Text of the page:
Filomarino was born in Naples of the noble family of the dukes Della Torre. Eldest of the five sons of Claudio Filomarino and Porzia di Leonessa. Though the family was well-respected, it was nonetheless not a wealthy family. Filomarino was, though, able to obtain a doctorate of law in Benevento and thereafter travelled to Rome (with friend Ladislao d'Aquino who would also later become a cardinal) in an effort to support himself financially.
There he presented himself to a number of cardinals with a view to being employed by one of them. Eventually he came to the attention of Cardinal Maffeo Barberini who was in need of a new chamberlain. In 1623, Barberini was elected to the papacy and took the name Pope Urban VIII and thereafter Filomarino became master of the chamber to the pope's young cardinal-nephew, Francesco Barberini, while he was legate to France and Spain.
Francesco did not like his older tutor - or did not like having a tutor at all. But Filomarino was protected by the young cardinal's uncle, the pope, who had promised to promote Filomarino to the rank of cardinal. Barberini, though keen to be rid of his supervision, was loath to see Filomarino elevated to the same status as himself and insisted that the tutor was still essential. Eventually Barberini gave in and Filomarino was allowed to leave his service and was promoted.
Filomarino's role in the revolt of 1647 was one of mediation between the rebels and the government. He was outspoken in his opposition to increasing taxation in the Spanish vice-realm of Naples, monies that the Spanish needed to pay for their part in the Thirty Years War. He was a focal point for the people against the overbearing Spanish throne and was trusted by the rebel Masaniello as well as by Giulio Genoino, the apparent real political strategist behind the revolt. As cardinal, however, he was part of the establishment and could approach the government; thus, he was in an ideal position to mediate.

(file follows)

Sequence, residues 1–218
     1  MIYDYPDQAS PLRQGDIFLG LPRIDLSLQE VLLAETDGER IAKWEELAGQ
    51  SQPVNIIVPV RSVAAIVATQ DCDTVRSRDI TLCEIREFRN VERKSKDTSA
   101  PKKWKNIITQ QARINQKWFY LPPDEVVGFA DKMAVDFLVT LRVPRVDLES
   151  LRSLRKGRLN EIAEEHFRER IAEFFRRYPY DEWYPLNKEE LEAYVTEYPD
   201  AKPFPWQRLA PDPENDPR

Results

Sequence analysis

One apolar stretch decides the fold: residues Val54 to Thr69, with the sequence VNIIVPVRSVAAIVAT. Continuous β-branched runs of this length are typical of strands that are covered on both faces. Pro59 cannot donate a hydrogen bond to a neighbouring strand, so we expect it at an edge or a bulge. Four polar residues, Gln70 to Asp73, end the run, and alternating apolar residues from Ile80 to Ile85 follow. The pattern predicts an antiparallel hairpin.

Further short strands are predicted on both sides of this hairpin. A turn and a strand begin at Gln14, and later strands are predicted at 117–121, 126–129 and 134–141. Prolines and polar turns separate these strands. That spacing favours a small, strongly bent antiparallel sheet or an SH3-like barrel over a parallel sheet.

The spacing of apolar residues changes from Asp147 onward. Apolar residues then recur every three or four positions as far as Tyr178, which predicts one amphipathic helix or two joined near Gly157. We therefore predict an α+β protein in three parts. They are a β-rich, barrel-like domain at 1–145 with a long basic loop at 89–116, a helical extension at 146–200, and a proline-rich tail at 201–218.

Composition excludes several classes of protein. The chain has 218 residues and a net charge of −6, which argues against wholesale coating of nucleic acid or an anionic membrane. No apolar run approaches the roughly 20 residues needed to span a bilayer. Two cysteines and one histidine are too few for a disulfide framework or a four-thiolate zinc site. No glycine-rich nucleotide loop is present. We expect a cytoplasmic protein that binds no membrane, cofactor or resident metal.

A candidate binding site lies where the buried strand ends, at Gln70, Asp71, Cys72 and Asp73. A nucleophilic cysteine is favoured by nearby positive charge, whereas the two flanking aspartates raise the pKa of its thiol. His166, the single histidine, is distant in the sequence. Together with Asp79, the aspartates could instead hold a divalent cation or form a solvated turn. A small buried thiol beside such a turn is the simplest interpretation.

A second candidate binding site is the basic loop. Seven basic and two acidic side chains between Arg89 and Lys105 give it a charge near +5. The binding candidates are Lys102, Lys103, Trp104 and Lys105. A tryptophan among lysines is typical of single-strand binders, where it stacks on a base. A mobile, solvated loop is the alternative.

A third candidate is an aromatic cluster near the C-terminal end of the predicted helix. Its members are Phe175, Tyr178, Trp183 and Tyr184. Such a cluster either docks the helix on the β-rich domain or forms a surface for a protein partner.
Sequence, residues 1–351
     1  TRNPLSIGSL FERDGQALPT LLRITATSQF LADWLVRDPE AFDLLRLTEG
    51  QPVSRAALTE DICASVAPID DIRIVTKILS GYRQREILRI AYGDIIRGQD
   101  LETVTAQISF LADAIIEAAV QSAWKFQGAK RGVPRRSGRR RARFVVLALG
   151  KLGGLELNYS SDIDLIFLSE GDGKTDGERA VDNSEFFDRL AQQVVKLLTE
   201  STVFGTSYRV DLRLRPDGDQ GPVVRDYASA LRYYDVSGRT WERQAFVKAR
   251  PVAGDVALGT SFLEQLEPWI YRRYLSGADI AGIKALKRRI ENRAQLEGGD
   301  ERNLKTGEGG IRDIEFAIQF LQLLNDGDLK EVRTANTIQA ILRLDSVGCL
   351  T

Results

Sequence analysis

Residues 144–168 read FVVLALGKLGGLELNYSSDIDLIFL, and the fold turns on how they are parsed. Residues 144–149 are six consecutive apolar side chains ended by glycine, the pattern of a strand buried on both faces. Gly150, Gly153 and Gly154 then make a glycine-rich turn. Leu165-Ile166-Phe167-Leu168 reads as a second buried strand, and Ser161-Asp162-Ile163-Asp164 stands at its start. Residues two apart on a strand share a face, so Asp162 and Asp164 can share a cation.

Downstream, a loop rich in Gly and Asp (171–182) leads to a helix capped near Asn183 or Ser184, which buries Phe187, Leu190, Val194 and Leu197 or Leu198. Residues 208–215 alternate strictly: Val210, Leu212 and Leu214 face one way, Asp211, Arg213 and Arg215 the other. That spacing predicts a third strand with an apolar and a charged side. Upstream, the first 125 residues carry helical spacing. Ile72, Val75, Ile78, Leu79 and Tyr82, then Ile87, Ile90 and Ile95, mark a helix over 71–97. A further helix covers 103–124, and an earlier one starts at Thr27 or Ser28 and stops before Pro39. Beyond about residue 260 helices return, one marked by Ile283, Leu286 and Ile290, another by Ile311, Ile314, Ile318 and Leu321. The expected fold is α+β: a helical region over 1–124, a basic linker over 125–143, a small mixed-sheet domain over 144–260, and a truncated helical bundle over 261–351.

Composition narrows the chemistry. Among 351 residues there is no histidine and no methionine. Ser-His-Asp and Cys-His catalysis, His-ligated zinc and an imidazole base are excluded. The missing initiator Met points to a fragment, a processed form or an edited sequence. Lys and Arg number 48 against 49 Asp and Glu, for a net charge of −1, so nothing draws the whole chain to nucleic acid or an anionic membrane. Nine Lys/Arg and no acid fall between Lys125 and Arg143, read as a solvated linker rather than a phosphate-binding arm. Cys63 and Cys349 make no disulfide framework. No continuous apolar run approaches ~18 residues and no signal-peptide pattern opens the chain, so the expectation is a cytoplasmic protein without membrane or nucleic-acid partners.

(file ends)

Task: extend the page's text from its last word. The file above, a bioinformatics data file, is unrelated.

Filomarino certainly was aware of popular discontent in Naples and warned the Pope that the masses were "boiling".
Some sources  claim that Filomarino was primarily interested in reducing the power of the large landed Spanish noble class in favor of the growing, but overtaxed, merchant middle class in Naples. Further — so they claim — when Filomarino had used Masaniello to that end, he arranged to have the rebel delivered into the hands of captors, where he was murdered. Such a claim is impossible to substantiate.
There are a number of anecdotes about Filomarino. One is that during the plague of 1656, he ordered the churches to care for the stricken, yet apparently was among the first to seek refuge in the monastery of San Martino. Another was that he had to be reminded by Rome that the sacred relics of San Gennaro (Saint Januarius), patron saint of the city, were not his own personal property and that he was not authorized to claim, as he had, that "…the relics are mine…", nor authorized to remove them from the premises of the Cathedral of Naples for the purpose of soliciting miraculous cures in private homes.
Cardinal Filomarino died on November 3, 1666, and is buried in the cathedral of Naples.
- S. Miranda: Cardinals of the Holy Roman Church
- Pope Alexander the Seventh and the College of Cardinals by John Bargrave, edited by James Craigie Robertson (reprint; 2009)
- See Filomarino to Innocent X, 8 July 1647 in "Sette lettere del cardinal Filomarino al papa", ed. Palermo, p. 381. Cited in Burke. P. 7
- di Rose, p 55, citing Storia di Napoli by Antonio Ghirelli (1973)
- Renzi, Napoli, p. 62. Cited in di Rose, p. 55
- di Rose
- Burke, Peter (May 1983). "The Virgin of the Carmine and the Revolt of Masaniello". Past and Present. 99: 3–21. doi:10.1093/past/99.1.3.
- di Rose, Aurelio (2001). I Palazzi di Napoli. Rome: Newton & Compton editori. ISBN 978-88-8289-637-9.
- Renzi, Salvatore (1968). Napoli nell'anno 1656. Rome.
- Villari, Rosario (August 1985). "Masaniello: Contemporary and Recent Interpretations". Past and Present. 108: 117–132. doi:10.1093/past/108.1.117.